Around 9:00 p.m. that night, I was able to speak with Mr. Maxwell who was in a rural area of Oklahoma working on Humane Society project. He was the same dignified statesman on that call standing on a hill in rural Oklahoma to get a bar of cell service that makes his endorsement big Missouri political news, and a big get for Greitens.
I can’t do his quote justice explaining it so I’ll give it to you straight:
I apologize for this confusion. Its my fault, and have been traveling outside the state. A vote was taken by the HSLF leadership to not support Koster. Mr. Greitens campaign is not wrong. I misspoke. The reporter reported exactly what I said word for word.”
I’ve dealt with several of these situations, and have never seen anyone more stand up and candid than Mr. Maxwell was there.
Then he told me he personally was endorsing Eric Greitens for governor.
His reasoning was that while Koster was in support of Prop B when it passed in 2010, he had subsequently worked to undermine it, thereby ignoring the will of the people which Maxwell said he couldn’t abide by.
He also said that over multiple conversations with Koster and Greitens, he was convinced that Greitens was the one who truly respected the will of the people in regards to Prop B and would safeguard its protections it provides on animals rights issues.
The only question left is what exactly did Greitens say about animal rights that convinced Maxwell to endorse him?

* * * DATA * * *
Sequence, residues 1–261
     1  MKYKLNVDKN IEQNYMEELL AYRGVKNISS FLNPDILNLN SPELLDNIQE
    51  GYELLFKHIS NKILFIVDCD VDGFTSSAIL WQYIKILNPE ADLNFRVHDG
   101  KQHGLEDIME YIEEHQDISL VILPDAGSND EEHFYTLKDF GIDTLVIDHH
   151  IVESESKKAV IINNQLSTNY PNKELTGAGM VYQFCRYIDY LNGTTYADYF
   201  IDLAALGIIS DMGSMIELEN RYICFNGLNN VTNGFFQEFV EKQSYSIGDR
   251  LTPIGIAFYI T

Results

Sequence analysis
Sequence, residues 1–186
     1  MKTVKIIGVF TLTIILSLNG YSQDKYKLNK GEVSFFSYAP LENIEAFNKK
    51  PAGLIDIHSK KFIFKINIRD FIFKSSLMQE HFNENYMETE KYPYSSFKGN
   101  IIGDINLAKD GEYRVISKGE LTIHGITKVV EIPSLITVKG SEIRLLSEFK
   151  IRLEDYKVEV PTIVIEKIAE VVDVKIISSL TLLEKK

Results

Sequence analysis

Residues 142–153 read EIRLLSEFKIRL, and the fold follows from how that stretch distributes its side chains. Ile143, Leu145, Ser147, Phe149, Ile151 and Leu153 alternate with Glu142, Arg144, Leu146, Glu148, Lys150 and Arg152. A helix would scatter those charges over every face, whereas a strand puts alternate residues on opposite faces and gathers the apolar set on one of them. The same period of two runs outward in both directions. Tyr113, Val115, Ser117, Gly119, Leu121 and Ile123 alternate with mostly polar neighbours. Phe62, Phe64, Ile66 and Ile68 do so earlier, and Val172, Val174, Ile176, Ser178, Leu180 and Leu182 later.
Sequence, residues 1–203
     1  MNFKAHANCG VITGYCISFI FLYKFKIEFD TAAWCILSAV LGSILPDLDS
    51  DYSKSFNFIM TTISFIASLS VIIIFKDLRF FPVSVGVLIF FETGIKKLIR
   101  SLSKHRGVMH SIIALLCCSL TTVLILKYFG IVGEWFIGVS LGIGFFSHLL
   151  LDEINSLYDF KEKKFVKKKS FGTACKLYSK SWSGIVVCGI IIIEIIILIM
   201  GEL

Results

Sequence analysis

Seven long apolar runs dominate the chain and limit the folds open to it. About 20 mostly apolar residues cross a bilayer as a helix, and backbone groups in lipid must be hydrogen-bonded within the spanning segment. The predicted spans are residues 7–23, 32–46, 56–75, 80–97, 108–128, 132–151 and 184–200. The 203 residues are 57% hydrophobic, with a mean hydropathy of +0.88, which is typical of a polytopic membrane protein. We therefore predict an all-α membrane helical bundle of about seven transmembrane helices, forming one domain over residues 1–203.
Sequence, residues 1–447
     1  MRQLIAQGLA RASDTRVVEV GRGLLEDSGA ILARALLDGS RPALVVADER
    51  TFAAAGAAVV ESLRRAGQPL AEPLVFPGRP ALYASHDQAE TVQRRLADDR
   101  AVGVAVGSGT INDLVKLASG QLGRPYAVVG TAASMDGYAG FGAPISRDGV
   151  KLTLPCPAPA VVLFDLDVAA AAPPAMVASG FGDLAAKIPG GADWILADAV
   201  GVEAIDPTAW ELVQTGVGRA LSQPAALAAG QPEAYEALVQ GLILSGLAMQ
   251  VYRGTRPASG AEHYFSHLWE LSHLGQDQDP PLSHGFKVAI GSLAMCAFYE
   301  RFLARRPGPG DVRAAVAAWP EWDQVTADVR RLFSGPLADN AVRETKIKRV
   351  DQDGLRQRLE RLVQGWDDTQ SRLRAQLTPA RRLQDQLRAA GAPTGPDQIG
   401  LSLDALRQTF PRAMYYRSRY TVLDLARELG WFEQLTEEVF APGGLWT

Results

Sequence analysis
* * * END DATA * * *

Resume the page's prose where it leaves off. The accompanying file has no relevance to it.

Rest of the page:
Many have wondered if, as Koster is so far to the right, Greitens might track back to his roots and begin to pick off Koster votes from the left. If he is, then there is no better beginning than by picking up the endorsement of one of the most respected statesman in the Democratic Party, Joe Maxwell.
A few other notes:
- While Congresswoman Ann Wagner may not be supporting Donald Trump, she is taking on a larger role in attacking Hillary Clinton. She is proving to be a very effective messenger on the deficiencies of the Democratic nominee.
- It seems like it will be very hard for Democratic politicians to convince anyone they are serious about campaign finance limits when they have taken huge checks themselves. This ballot measure may be the only path.
- Seeing District 70 in play reminds me of the work Jack Spooner has done to grow the Republican Party in St. Louis County. He was once a lone voice crying in the wilderness, but in a short period of time Republicans are competing in districts they wouldn’t have imagined when this map was released in 2012.
- I really enjoyed the Senate’s farewell speeches during veto session. It’s a charming tradition where current and former senators give farewell speeches for a colleague leaving the body. It’s interesting to look at some of today’s highest-profile politicians who served in the Senate and see who spoke on their behalf as they left the Senate.
- The heart of everyone in politics with a heart goes out to the family of John Diehl after the loss of his son, Samuel.
Scott Faughn is the publisher of The Missouri Times, owner of the Clayton Times in Clayton, Mo; SEMO Times in Poplar Bluff, Mo.; and host of the only statewide political television show, This Week in Missouri Politics.